Tuesday December 05, 2017

Meet the author on a mission to rescue 'lost' words

The push for a more expansive English vocabulary — a language that embraces the new and old.

The push for a more expansive English vocabulary — a language that embraces the new and old.

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They come at it from opposite sides, but Paul Anthony Jones and Emmy Favilla are both pushing for a more expansive English vocabulary — a language that embraces the new and old.

'It's always a bit of a tragedy when a word falls out of use.' - Paul Anthony Jones

Paul Anthony Jones

Paul Anthony Jones blogs and tweets under the name, "Haggard Hawks," and also authored The Cabinet of Linguistic Curiosities: A Yearbook of Forgotten Words. 

Paul Anthony Jones

'It's a word that fills in a gap that you didn't know existed in the language,' says Paul Anthony Jones. (Paul Anthony Jones)

Every day, he picks one lost word from an old dictionary, writes about it and tweets it out, hoping it will catch on in a new context.

"The words that I like to pick up on are words that are there to fill in a gap — it's a word that fills in a gap that you didn't know existed in the language," he tells The Current's Anna Maria Tremonti.

"It's always a bit of a tragedy when a word falls out of use."

Jones: 5 lost words that need to come back to life

Shivviness: The uncomfortable feeling of wearing new underwear.

Snollygoster: A shrewd and unprincipled politician, someone who would do anything to achieve public office. It comes from the name of a monster that's supposed to live in the hills around Maryland and Washington, D.C.

Ohnosecond: The moment between making an irreversible mistake and realizing that you've made it. Jones posted this entry the day after the U.K. Brexit vote.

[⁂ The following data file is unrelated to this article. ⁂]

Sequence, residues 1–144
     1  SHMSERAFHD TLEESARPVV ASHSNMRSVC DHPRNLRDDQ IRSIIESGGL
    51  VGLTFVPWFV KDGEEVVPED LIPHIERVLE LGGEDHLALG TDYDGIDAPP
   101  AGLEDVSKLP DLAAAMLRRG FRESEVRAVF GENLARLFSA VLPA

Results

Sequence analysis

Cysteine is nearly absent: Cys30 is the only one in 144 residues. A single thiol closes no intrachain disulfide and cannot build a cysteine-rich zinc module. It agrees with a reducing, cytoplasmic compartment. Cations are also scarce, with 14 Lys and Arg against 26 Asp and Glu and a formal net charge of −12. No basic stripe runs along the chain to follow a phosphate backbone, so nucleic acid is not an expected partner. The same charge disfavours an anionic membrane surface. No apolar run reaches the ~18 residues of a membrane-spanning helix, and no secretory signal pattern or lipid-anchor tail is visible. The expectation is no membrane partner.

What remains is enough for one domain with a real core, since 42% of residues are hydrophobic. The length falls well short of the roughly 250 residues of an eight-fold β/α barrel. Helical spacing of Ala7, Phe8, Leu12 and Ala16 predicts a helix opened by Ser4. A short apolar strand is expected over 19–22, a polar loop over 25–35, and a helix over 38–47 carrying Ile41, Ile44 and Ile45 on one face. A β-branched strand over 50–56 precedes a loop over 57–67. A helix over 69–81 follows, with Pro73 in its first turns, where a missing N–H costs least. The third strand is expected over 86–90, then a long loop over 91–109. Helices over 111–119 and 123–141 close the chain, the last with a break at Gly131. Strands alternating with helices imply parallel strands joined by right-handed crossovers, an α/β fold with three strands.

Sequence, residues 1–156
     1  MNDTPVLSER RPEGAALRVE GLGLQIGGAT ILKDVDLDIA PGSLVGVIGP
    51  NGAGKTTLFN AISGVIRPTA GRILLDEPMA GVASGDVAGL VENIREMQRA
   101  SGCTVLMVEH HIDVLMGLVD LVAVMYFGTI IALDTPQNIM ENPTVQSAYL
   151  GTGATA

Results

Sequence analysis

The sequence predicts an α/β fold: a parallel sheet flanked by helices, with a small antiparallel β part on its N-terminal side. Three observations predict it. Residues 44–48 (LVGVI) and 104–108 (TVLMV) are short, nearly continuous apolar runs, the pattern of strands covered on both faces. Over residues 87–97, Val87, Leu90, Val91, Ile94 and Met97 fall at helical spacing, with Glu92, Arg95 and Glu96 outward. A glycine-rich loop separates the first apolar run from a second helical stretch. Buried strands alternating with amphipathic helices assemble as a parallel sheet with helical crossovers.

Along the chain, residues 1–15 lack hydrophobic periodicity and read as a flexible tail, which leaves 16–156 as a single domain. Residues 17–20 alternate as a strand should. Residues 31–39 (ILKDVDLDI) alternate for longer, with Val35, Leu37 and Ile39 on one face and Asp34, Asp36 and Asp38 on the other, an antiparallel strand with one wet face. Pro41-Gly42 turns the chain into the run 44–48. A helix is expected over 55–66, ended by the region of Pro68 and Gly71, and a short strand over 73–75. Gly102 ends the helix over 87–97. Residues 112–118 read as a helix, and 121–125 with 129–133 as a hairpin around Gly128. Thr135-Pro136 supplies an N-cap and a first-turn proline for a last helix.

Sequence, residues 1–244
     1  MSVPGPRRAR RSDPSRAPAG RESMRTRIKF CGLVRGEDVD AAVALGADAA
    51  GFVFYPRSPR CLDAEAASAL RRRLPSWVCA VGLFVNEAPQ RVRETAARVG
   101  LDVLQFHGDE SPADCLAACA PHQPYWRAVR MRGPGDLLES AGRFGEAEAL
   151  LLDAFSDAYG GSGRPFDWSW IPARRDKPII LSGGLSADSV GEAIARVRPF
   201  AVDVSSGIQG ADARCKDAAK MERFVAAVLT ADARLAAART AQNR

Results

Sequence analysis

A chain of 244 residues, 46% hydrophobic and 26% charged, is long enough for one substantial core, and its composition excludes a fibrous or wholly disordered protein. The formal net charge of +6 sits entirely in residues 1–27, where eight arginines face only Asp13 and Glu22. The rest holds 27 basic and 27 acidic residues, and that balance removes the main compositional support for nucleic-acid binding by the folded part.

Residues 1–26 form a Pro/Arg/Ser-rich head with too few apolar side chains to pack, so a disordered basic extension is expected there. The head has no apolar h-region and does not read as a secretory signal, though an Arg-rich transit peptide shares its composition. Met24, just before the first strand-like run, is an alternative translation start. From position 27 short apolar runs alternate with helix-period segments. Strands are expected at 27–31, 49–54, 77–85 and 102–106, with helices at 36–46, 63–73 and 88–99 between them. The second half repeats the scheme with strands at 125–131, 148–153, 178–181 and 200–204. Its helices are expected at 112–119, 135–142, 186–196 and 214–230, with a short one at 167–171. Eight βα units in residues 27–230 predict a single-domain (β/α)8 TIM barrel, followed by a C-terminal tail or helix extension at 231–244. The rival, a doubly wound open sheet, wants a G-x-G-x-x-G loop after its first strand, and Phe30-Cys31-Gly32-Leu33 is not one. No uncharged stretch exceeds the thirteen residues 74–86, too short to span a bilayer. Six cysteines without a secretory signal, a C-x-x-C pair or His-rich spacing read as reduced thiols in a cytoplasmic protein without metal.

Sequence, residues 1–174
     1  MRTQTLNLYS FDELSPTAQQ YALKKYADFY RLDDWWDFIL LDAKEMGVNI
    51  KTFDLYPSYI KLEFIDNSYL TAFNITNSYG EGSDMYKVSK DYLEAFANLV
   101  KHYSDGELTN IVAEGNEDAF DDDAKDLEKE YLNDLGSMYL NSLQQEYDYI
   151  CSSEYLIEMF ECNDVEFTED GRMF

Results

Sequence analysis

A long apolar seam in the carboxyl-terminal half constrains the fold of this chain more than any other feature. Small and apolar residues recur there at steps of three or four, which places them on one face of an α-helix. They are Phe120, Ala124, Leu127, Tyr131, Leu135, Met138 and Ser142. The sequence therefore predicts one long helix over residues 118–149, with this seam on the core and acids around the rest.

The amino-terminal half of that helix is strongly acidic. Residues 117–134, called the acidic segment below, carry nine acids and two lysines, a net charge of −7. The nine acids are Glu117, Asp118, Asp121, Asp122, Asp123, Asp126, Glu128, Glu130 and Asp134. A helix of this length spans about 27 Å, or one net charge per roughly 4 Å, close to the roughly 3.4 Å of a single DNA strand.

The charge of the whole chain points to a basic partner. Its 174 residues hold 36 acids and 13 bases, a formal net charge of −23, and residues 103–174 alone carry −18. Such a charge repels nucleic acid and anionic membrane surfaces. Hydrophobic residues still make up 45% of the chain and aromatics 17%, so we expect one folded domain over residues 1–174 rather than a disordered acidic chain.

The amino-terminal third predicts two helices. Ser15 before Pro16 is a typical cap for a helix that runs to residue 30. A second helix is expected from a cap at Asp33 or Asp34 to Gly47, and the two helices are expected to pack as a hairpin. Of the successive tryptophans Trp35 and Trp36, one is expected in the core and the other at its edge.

Schnapsidee: A crazy or impractical idea that seems ingenious when you're drunk.

 Lanspresado: The person in a group of friends who never has enough money with them.

'I think it's really cool that social media is making room for nuances.' - Emmy Favilla

Emmy Favilla

 

Emmy Favilla

Emmy Favilla wants the unique words and style of social media to be seen as a way to make language richer, rather than as its downfall. (Emmy Favilla)

Emmy Favilla spent five years as copy chief at Buzzfeed, and wrote their first style guide, considered by many the first guide to correct internet language.

Favilla, who wrote the book called A World Without Whom: The Essential Guide to Language in the Buzzfeed Age, wants the unique words and style of social media to be seen as a way to make language richer, rather than as its downfall.

"I think it's really cool that social media is making room for nuances, whether it's use of newfangled punctuation marks or new words or abbreviations," Favilla tells The Current's Anna Maria Tremonti.

Favilla: 5 new words that are as 'real' as any in the dictionary

Shippers: Fans who yearn for a fictional couple's romance.

Celebricat: A famous feline.

Bro-down: A drinking session with no women around; a hoedown for bros only.

SBD: Abbreviation: Silent but deadly.

Amirite: Alternative spelling of "am I right;" rhetorical question.

Bonus punctuation: The tilde (~) is a form of punctuation previously used in mathematics to indicate similarity, or in languages like Spanish to modify the sound of a letter. Used on social media to convey irony or sarcasm.

Canadian vowel shift

 Paul De Decker

Memorial University's Paul De Decker studies the Canadian vowel shift. (Paul De Decker)

The Current also spoke with Paul De Decker, associate professor in linguistics at Memorial University Newfoundland, who is looking at change in Canadian English. He studies the Canadian vowel shift, a change in how the way we say "A," "E" and "O" have been shifting across the country in the last two decades.


Listen to the full conversation above.


This segment was produced by The Current's Karin Marely.